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events; their coincidence in hundreds of instances is so palpably notorious that none can deny it: every principle of reason, every result of correct computation, instituted with a view to this inquiry, is in favour of the positions maintained by Christians in all ages. Imagine these to be still doubtful, and what is there else that is stable and certain ?

“ If these fall, The pillar'd firmament is rottepness,

And earth's base built on stubble."-MILTON. But a person who wished to reason in favour of the truth of the Christian Religion from prophecy, need not take this wide field of argument. There are many small portions in some of the prophetic writings, on either of which he may safely make his stand. He may take, for example, either the ninth, thirteenth and fourteenth, forty-fifth, or fifty-third chapters of Isaiah, and challenge any one to account satisfactorily for the exact correspondence of the prediction and the history, except he admit that the prophet was inspired by God to foretell the events. Suppose we fix upon the fiftythird chapter. So striking are its contents, and so exactly were its distinct particulars, amounting clearly to ten or twelve, verified in the life and sufferings of Jesus Christ, that there have not been wanting modern Deists to affirm that it was actually composed after the Christian æra. This calumny, however, needs no laboured refutation. The Septuagint version is well known, as I remarked in a preceding letter, to have been undertaken nearly three hundred years before Christ; and that version, according to the testimony of one who saw the original, contained the prophecies of Isaiah. Besides, it is an incontrovertible fact, that the Jews in all ages, from the

delivery of these prophecies to the present, admitted Isaiah to be taught of God. The later Rabbins, it is true, to avoid the conclusions which Christians deduce from Isaiah, and especially the chapter last specified, have invented a distinction of a double Messiah, “one who was to redeem us, and

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another who was to suffer for us; for they say, that there are two several persons promised under the name of the Messiah; one of the tribe of Ephraim, the other of the tribe of Judah ; one the son of Joseph, the other the son of David; the one to precede, fight, and suffer death; the other to follow, conquer, reign, and never die 59.” But Bishop Pearson proves that this distinction is false as well as novel; and farther, that the Rabbins who preceded Jesus Christ understood the chapter, of which we are now speaking, to be a prediction of the Messiah, and of him alone.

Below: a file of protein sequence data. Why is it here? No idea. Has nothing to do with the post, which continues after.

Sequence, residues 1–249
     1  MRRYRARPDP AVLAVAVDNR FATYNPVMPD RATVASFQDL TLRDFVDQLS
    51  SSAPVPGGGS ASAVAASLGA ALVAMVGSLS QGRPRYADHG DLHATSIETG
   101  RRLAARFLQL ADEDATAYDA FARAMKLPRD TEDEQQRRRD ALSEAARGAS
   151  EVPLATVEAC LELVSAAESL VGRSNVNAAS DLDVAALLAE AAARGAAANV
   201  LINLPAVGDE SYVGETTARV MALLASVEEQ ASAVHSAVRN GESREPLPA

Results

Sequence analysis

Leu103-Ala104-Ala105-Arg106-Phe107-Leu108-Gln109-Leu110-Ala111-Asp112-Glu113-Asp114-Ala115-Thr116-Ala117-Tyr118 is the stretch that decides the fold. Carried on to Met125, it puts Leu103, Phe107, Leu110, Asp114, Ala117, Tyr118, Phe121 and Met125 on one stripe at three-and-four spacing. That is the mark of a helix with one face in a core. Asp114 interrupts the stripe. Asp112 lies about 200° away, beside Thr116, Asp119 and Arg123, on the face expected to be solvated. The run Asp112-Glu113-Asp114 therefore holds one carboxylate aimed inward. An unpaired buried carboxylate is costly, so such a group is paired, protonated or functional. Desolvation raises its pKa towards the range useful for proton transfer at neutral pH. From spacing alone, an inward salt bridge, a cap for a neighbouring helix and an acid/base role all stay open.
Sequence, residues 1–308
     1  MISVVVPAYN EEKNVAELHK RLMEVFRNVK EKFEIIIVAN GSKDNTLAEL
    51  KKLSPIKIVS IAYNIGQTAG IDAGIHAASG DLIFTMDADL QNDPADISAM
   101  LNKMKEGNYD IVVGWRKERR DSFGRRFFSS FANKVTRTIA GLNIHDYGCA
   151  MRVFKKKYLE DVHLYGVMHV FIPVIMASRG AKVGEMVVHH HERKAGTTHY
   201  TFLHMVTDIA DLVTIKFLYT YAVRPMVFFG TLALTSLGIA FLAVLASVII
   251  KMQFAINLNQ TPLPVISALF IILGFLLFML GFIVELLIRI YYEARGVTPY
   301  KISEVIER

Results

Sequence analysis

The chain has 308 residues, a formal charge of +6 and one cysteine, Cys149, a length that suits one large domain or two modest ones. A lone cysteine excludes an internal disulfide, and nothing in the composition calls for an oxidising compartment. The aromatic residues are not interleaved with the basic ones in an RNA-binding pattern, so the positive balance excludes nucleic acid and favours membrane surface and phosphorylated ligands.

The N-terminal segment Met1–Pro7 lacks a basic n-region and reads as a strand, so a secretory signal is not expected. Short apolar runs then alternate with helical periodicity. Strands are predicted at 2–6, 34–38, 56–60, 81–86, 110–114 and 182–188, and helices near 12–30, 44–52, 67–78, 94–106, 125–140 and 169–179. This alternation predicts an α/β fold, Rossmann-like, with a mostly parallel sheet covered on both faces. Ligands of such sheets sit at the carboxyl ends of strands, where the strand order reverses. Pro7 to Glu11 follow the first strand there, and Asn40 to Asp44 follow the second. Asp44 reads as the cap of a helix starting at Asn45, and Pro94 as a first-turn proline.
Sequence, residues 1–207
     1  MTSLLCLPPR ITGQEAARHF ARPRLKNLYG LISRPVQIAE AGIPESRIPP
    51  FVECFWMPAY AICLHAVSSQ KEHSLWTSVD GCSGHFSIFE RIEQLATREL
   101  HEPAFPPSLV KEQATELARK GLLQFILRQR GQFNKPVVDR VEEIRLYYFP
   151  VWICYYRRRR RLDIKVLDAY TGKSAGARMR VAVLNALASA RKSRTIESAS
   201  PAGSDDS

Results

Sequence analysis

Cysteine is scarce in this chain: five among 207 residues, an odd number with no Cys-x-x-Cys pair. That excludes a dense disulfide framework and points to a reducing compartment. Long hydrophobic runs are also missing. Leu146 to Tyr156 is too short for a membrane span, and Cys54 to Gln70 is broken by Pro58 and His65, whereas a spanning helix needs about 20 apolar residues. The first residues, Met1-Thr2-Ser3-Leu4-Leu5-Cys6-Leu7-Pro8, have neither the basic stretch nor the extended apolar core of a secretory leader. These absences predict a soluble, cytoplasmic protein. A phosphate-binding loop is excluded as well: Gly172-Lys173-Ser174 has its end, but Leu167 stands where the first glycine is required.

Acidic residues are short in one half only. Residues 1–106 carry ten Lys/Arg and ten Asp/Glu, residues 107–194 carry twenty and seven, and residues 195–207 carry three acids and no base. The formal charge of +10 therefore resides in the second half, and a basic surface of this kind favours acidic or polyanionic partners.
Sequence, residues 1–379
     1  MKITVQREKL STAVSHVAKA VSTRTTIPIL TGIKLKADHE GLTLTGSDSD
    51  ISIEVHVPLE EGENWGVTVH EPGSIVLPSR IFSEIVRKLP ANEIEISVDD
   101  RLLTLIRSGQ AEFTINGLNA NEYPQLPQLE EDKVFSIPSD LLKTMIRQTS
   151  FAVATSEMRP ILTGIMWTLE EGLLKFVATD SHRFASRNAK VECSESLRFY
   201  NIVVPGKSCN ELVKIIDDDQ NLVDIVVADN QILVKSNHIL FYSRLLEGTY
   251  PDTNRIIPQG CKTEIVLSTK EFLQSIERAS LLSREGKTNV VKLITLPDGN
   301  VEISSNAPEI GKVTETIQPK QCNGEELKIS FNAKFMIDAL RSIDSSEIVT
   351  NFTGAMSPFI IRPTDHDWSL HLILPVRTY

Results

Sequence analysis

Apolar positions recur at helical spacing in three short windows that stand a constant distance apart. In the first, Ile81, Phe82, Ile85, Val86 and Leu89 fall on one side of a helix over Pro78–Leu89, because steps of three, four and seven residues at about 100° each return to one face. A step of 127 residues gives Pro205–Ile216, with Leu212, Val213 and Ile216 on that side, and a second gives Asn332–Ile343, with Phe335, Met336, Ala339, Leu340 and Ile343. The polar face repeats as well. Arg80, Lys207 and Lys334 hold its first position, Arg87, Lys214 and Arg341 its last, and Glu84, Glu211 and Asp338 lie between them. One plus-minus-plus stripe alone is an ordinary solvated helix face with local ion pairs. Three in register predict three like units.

Origen, indeed, informs uso, that in his time the Jews took another way to evade the difficulties in which the consideration of this chapter placed them. They argued, that the prophecy did not relate to one man, but to one people, the Jews, who were smitten of God, and dispersed among the gentiles for their conversion. But to show the absurdity of their interpretation, he pressed them with this sentence from the Septuagint, απο των ανομιων το λα8 με ηχθη εις θανατον: and the argument was so decisive, they could not withstand it. This proves not only the truth of the received interpretation of this famous prophecy, but farther, that the Hebrew text of that time read agreeably to the ais Havarov of the Septuagint; otherwise, the Jews, by quoting their own text (Is. liii. 8), and showing that it did not mean “smitten to death,would have reprobated the Greek version, and triumphed over the Christian advocate.

It may be farther remarked, that, if it be the people of Israel of whom the prophet speaks in this chapter, he makes them to descend from a very base and obscure origin, when he compares them to. a tender plant which grew out of a dry and barren ground:" ihis cannot well apply to a nation which in its origin was, as Abbadie observes, “ the most glorious and magnificent that ever was known; as having been separated and distinguished from all other nations in the person of their first parent, Abraham, and which was honoured with the promises of the covenant.” So again, to seize only another feature of this portion" of prophecy,

59 Pearson on the Creed, p. 185.

GU Orig. contra Celsum, lib. 1. cap. 44. See also Abbadie, who argues with great acuteness and force from this chapter (Isaj. liii.) in his work already referred to, sect. iv, chap. 9. His reasonings, also, from the predictions of Daniel, Zechariah, and Malachi, are equally convincing.

“ how was God's people stricken for the iniquity of his people.” None could fairly resist the inference that the allusion here was not to the people of God, but to some one who suffered affliction for their sake.